Current situation

ODF has been responding to dozens of lightning-sparked wildfires in southern Oregon. Incident Management Team 2 has been dispatched to assist the Southwest Oregon District with the Garner Complex of fires near Grants Pass. Very hot, dry weather today remains a risk for new fire starts and a challenge for suppressing existing fires. Many ODF districts and forest protective associations have raised their fire danger level and tightened restrictions on activities linked to fire starts. Check ODF's fire restrictions and closures web page for the latest details at http://www.oregon.gov/ODF/Fire/Pages/Restrictions.aspx




Wednesday, September 18, 2013

It feels like fall, but fire danger still present

Even though fall is in the air, careless actions can spark a wildfire this time of year. Grasses, brush and other fine fuels parched by the summer’s heat can ignite from a variety of sources – an errant spark from a campfire or warming fire, a discarded cigarette, or a hot exhaust system contacting vegetation. And under fall conditions, these fire starts often don’t become apparent until hours or even days later.

For hunters, a warming fire built on a hillside in the early morning hours takes the chill off. But before you move on, is the fire really out? Even when there is no smoke the ashes can retain heat. On the next sunny day, a little wind can rekindle that “dead” fire and cause it to spread into a wildfire.

Before heading to the forest, be sure to check the rules to learn whether warming fires and campfires are allowed. The safest place for a campfire is in a campground with established fire pits. Before leaving a fire, be sure to douse it repeatedly with water, stirring the ashes each time to ensure it is completely extinguished.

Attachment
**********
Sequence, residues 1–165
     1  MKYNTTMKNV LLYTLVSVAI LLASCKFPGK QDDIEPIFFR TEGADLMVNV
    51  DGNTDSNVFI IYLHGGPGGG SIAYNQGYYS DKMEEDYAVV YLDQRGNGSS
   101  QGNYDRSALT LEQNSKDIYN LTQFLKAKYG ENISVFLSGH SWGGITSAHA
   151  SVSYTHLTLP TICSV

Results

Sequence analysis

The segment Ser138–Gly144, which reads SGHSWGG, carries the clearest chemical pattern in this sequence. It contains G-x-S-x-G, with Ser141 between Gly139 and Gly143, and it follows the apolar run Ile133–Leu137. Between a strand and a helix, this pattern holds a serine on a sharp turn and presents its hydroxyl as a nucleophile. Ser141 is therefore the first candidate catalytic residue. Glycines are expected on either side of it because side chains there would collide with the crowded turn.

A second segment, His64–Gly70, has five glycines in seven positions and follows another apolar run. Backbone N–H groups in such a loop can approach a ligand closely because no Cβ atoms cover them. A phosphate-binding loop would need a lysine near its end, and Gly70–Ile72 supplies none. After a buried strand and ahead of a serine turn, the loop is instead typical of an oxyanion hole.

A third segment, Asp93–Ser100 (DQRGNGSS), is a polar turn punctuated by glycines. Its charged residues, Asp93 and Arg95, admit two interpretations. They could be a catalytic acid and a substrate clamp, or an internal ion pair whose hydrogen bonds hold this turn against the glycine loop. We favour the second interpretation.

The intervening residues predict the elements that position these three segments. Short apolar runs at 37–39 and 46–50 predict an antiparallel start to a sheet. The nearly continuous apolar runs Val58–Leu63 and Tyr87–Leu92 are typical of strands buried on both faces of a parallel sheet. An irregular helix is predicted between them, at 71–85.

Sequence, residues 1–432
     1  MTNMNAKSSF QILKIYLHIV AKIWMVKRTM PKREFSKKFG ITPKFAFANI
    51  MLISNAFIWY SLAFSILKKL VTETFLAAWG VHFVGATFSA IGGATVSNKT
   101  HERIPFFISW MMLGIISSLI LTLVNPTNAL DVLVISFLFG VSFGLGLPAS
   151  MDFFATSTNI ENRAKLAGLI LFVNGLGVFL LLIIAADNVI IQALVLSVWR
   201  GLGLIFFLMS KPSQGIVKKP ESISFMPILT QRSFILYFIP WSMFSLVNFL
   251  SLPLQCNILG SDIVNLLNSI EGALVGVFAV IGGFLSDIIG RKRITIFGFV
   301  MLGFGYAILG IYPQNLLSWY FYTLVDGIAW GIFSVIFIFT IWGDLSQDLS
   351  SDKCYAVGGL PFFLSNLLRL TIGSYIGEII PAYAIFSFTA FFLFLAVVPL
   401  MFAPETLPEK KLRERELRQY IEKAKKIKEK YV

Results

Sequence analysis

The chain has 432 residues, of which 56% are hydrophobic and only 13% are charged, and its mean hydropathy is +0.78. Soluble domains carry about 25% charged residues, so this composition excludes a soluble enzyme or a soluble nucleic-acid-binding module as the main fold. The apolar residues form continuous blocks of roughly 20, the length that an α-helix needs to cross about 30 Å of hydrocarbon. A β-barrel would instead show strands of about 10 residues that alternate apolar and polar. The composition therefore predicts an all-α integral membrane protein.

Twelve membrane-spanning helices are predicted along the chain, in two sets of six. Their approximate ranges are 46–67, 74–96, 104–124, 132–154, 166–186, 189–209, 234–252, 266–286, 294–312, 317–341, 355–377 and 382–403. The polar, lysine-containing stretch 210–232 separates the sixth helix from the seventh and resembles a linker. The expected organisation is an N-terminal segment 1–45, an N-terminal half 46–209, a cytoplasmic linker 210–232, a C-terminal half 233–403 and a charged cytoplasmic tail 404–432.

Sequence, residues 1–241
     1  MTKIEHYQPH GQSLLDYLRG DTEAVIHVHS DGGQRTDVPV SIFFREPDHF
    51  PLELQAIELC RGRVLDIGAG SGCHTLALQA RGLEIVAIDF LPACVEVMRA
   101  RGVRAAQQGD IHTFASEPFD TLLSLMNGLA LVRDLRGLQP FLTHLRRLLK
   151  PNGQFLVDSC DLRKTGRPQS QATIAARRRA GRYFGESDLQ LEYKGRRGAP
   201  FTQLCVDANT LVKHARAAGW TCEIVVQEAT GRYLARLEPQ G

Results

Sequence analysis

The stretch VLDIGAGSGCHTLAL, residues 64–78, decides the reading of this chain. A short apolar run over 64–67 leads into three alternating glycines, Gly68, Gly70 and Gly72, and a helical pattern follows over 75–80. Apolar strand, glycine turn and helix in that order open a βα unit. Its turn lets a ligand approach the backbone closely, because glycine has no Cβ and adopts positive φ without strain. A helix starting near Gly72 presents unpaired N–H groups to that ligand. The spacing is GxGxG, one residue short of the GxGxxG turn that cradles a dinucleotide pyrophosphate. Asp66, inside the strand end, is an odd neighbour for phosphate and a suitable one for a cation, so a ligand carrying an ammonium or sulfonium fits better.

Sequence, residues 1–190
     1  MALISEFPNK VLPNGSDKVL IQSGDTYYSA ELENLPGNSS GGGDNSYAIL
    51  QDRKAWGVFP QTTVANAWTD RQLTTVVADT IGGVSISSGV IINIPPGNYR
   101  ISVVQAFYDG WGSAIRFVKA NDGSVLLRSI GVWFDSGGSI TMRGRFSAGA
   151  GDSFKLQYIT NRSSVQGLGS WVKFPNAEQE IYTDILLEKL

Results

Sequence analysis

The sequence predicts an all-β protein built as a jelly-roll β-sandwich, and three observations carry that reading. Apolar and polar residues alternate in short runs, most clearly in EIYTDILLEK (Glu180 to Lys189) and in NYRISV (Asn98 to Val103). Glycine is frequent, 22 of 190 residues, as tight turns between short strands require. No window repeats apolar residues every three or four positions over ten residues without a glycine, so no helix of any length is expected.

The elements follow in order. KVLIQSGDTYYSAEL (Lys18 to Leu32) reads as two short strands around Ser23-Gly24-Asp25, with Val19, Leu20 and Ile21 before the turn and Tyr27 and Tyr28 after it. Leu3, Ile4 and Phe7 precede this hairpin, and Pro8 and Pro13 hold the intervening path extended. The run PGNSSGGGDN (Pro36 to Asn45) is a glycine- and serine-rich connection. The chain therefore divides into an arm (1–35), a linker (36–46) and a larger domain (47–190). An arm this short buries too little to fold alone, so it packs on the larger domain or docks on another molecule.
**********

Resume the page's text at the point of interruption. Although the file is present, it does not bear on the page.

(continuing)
When driving a full-sized vehicle or ATV in the forest, always carry fire equipment required by the jurisdictional land management agency. And before heading to your hunting location, check the current rules on vehicle use. In some areas, off-road use of motorized vehicles may be prohibited.

Likewise with smoking: Check the rules. Depending on the fire danger level, smoking may be restricted to inside a closed vehicle or building. In any case, never discard smoking materials in grass or other vegetation.

For additional fire safety tips and current fire restrictions, contact the Oregon Department of Forestry or the Keep Oregon Green Association.

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The purpose of this blog is to provide breaking news about wildfire activity on the forestlands protected by the Oregon Department of Forestry. We invite you to post questions or comments you have about current wildfires. Please keep your posts civil and free of profanity. You are also welcome to contact us by email at: information@odf.state.or.us.

Current wildfire info

National weather forecasters are predicting the summer of 2018 will see above average temperatures and below average rainfall. Drought has already been declared in a number of counties in eastern and southern Oregon, with northwest Oregon also unusually dry for June. These conditions set the stage for potentially large, fast-moving wildfires.

What we do

Protection jurisdiction
The Oregon Dept. of Forestry protects 16 million acres of private and public forestlands from wildfire. This includes all private forestlands in Oregon as well as state and local government-owned forests, along with 2.8 million acres of federal Bureau of Land Management lands in the western part of the state. In total there are about 30.4 million acres of forest in Oregon.

Fire suppression policy
The department fights fire aggressively, seeking to put out most fires at 10 acres or smaller. This approach minimizes damage to the timber resource and fish and wildlife habitat, and protects lives and property. It also saves money. While suppressing large fires can cost millions of dollars, economic and environmental damage from wildfires can be many times greater.

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Oregon Dept. of Forestry's public information officers in Salem, Ore., maintain this blog. During the wildfire season, we spend much of our time reporting on fires and firefighting to news media and the public.